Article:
In a Washington Post article with the heading, “‘Potty Parity’ hearing set for today,” I discovered that the U.S. Congress was working on a bill to increase the number of female restrooms in federal buildings. Testimony began yesterday.
Watching the PBS NewsHour, I also learned that with two women on the Supreme Court, attorneys occasionally referred to each by the other’s name because they were the “female” justices. Now, they wondered whether a third woman on the court would become the “tipping point,” normalize the female presence, and all would blend as justices.
These new facts started me thinking about how the number of working women had changed. I found some answers in a BLS paper on women’s changing participation rates. Some stats follow. Called participation rates, the percents represent the women who are in the labor force compared to those who could be in the labor force.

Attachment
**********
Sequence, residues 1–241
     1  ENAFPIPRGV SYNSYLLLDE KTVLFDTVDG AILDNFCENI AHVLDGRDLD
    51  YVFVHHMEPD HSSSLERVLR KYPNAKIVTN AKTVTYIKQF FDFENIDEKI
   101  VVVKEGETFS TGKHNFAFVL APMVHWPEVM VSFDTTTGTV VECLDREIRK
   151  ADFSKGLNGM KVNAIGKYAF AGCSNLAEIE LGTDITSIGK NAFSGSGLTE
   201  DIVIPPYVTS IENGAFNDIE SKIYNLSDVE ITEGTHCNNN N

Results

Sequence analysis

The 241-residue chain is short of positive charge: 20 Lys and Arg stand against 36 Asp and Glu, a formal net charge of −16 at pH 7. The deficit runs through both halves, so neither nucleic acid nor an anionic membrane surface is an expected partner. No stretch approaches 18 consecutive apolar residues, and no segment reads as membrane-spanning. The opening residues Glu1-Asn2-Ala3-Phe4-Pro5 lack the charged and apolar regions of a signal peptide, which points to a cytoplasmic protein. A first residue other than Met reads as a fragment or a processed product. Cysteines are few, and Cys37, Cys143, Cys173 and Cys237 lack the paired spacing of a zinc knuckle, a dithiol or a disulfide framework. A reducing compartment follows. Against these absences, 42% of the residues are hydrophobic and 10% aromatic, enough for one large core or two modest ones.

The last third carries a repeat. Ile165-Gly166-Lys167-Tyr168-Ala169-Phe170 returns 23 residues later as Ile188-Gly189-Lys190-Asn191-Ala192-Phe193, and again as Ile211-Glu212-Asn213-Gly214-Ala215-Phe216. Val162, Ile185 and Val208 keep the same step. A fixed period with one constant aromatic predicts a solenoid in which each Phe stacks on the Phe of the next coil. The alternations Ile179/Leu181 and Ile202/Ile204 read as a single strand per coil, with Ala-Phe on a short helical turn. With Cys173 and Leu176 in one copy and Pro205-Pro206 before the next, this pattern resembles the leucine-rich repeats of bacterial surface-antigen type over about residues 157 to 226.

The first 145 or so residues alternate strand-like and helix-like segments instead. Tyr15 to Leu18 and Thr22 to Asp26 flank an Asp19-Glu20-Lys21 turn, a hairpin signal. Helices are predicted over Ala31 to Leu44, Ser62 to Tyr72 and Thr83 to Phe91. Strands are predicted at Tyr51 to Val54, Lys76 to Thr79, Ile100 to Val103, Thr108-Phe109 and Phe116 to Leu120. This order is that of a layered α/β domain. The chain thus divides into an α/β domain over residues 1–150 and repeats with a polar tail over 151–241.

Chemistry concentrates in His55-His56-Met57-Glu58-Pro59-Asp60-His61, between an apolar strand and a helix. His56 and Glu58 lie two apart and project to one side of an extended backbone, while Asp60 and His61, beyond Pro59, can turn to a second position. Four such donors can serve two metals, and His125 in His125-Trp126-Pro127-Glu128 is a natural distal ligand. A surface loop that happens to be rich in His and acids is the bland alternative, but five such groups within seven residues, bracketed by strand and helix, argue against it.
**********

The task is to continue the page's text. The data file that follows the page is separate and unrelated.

1960: 37.7%; 1970: 43.3%; 1980: 51.6%; 1990: 57.5%; 2000: 59.9%; 2005: 59.3%; 2008: 59.5%
A very interesting participation rate stat: For women 65 and older, the rate was 8.1% in 1980, 13.3% in 2008 and projected to be 17.5% in 2016.
The Economic Lesson
Formally defined, the participation rate is a statistic that compares the size of the labor force to its potential total. When we refer to women’s participation rates, we are looking at the women who are in the labor force compared to all who could be in the labor force. For example, if 100 women could be in the labor force and 40 of those 100 are in the labor force, the participation rate is 40%.